EP Examination Process Guide

 

The Employee Plans Examination Process Guide clarifies the steps in the examination process and introduces resources for retirement plan compliance.

Section 1 - Overview of EP Examinations

A general explanation of the EP Examination process from the initial contact through conclusion. It explains general examination techniques and procedures used to conduct examinations of qualified retirement plans.

Section 2 - Initiation of an Examination

A general explanation and examples of the techniques and procedures used to select EP examinations, contact taxpayers and their representatives, schedule appointments, and request initial information. This section also contains a description of your rights as a taxpayer to be informed of the EP examination process.

Initial Contact Letter

Letter 6031 is used to notify taxpayers of an examination and request information that is to be available at the audit appointment.

Representation during the exam

These forms and publications discuss who can represent a taxpayer before the IRS and what forms and documents are used to authorize a person to represent a taxpayer.

Forms:

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Section 3 - Communications During Examination

This section of the Guide provides a general explanation of the techniques and procedures used during an EP examination to effectively communicate with taxpayers and their representatives. There are also examples of communications involving compliance issues that may occur during examinations.

Samples of communications that may occur during an examination

  • Letter 6031, Initial Exam Appointment
    This letter is an initial contact letter for examinations.
     
  • Letter 1346-J, Employee Plans Prior Year, Subsequent Year and Related Return Pick-Up
    This letter is used to expand a current examination to a prior/subsequent year or a related return.
     
  • Form 4564, Information Document Request (IDR)
    Form 4564 is used to request additional information during an examination.
     
  • Letter 1014-A, Taxpayer Notification of Examination Delay
    Letter Informing Taxpayer of Delay in Examination.
     
  • Letter 907-A , TE/GE Request to Extend Statute
    This letter is used to extend the statute of limitations during a plan examination.
     
  • Letter 5798, TE/GE Information Document Request Extension Notice
    This is a TE/GE examination notice informing the taxpayer that the IRS is granting an extension to submit all the information requested in the IDR.

Notification of the status of an examination

EP agents are expected to keep the plan sponsor or the representative current with the status of the examination by telephone or written notice. However, if a reasonable period of time has passed and you have not received an information document request (requesting some additional data) or a closing letter, a follow-up telephone call is appropriate. An examination closing letter should be issued within a reasonable period of time after the case is closed. Again, if a closing letter is not received within this time period, a follow-up telephone call is appropriate.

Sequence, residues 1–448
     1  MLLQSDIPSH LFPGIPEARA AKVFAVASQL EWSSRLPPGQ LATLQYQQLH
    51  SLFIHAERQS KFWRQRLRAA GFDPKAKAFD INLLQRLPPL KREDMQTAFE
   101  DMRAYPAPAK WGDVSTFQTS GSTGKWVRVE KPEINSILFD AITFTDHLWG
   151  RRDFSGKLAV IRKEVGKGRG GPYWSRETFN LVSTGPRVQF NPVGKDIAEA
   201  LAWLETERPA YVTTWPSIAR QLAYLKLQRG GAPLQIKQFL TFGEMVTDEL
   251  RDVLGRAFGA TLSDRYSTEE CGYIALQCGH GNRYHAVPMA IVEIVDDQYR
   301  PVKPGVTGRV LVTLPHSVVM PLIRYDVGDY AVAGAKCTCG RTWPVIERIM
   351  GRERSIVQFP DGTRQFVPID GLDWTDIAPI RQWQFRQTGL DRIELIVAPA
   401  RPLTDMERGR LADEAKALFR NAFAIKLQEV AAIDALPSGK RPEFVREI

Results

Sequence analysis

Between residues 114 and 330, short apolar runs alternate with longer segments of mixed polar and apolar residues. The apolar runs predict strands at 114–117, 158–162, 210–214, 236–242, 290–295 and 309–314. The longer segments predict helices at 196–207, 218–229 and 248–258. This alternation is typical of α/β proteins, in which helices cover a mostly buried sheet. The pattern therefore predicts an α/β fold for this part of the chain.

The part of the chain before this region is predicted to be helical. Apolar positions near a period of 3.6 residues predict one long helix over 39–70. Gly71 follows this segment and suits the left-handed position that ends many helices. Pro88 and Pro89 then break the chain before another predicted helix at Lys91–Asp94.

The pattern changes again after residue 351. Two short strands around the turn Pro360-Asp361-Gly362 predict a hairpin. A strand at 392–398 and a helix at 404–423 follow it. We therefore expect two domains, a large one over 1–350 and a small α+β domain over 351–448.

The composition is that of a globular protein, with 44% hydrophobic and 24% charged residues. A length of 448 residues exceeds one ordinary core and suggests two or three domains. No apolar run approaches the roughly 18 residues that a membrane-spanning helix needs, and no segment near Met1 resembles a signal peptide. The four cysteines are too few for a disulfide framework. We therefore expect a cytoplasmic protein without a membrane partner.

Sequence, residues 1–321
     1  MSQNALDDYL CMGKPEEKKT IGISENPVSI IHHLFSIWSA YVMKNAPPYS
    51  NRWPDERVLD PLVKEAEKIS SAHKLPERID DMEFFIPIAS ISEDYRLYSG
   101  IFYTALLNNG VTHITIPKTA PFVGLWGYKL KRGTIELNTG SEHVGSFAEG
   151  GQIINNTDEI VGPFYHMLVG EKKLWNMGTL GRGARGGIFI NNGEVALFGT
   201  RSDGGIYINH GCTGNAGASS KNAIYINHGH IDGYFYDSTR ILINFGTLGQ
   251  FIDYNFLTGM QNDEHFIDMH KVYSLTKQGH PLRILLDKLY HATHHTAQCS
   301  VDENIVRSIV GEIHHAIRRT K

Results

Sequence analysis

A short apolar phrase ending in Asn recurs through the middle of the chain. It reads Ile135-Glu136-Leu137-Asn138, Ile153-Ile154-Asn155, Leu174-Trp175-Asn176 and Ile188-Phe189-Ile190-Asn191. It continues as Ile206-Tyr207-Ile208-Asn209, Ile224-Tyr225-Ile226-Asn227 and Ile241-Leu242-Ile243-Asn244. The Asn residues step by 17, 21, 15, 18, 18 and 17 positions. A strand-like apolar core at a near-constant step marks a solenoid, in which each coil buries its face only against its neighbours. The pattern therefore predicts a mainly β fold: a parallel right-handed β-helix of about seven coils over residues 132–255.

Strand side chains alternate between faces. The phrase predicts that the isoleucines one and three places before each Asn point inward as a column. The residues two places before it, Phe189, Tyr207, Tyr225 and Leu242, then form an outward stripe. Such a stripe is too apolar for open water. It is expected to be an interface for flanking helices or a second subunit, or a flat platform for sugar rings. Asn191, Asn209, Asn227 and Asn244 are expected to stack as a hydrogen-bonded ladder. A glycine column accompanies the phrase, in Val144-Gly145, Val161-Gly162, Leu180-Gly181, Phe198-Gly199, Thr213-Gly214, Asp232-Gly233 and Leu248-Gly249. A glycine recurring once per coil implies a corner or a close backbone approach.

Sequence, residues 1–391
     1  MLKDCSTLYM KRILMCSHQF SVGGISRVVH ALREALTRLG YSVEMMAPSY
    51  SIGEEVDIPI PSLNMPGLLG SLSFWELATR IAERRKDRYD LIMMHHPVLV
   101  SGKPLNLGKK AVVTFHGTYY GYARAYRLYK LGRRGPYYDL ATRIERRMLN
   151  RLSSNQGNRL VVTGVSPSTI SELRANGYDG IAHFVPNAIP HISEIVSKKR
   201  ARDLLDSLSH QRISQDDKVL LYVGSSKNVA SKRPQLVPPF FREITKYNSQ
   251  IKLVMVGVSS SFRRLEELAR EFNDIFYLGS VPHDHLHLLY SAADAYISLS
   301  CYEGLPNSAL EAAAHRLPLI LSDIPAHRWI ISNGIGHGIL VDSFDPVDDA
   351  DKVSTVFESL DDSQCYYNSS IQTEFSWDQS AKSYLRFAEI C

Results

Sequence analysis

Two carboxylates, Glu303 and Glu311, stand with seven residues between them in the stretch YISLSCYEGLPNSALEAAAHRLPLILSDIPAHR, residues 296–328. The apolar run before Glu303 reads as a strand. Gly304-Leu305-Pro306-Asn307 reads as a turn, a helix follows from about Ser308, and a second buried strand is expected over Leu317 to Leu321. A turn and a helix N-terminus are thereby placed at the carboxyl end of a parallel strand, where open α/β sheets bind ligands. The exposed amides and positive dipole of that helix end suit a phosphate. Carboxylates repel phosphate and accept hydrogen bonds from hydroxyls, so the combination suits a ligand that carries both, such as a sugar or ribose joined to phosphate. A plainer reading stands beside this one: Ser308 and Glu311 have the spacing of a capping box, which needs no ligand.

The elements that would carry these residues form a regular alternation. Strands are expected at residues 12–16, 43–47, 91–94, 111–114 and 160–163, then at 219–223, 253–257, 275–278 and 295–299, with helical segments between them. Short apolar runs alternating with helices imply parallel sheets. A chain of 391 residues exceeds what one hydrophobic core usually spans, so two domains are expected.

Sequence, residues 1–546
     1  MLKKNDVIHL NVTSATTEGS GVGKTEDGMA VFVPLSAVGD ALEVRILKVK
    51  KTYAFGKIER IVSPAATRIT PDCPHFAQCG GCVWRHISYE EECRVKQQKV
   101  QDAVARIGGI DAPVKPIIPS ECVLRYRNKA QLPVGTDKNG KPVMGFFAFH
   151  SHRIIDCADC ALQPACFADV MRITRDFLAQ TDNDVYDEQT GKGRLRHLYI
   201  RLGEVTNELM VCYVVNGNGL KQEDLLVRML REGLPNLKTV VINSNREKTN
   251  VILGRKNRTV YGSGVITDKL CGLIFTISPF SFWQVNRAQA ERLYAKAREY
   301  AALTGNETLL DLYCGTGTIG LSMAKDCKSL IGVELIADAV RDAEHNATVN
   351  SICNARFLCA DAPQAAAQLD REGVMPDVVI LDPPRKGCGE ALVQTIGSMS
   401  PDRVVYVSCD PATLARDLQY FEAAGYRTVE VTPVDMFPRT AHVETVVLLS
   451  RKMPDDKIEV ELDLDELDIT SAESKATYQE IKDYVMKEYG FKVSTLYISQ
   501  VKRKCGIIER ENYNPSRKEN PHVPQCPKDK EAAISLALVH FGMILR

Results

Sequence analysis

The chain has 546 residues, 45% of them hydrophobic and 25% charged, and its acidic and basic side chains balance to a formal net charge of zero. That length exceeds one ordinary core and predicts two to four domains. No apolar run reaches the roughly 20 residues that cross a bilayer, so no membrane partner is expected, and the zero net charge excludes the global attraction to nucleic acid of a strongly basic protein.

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Section 4 - Audit Guidelines

Below is a general overview of the EP Examination procedures for audits of Form 5500, Annual Return/Report of Employee Benefit Plan:

  • Internal Revenue Manual (IRM) 4.71.1
     
  • Form 5773-A , Employee Plans Workpaper Summary
    The Form 5773-A is a workpaper summary used for all EP examinations. It contains a list of procedural and technical reminders.
  • Form 6533, Referral to the Pension Benefit Guaranty Corporation
    This form must be completed by the EP agent on an examination of certain retirement plans. Any response that falls in the far right column requires a referral to the Pension Benefit Guaranty Corporation.

Specialized topics

The Employee Plans Examination Guidelines provide guidance for Employee Plans specialists on specific technical topics relating to qualified retirement plans.

Because all retirement plan examinations are different, these guidelines are not meant to cover all situations, but are a guide and reference for Employee Plans examiners. The examiner may need to modify the techniques depending on the examination issues.

These guidelines are not a comprehensive statement of the IRS legal position on the issues covered and cannot be relied upon or cited as authority. They are for assisting the examiner in performing an audit of certain issues. Each issue may not be relevant in every examination.

Subject

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Section 5 - Resolution of Issues and Closing the Examination

Resolving issues

This section explores the resources and procedures available to a plan sponsor/authorized representative and EP agent to help resolve examination issues.

There are two types of cases:

  • One where the plan sponsor or authorized representative and the agent agree on the issues and the resolution, and
  • The other is where the plan sponsor or authorized representative and the agent disagree on the issue or resolution.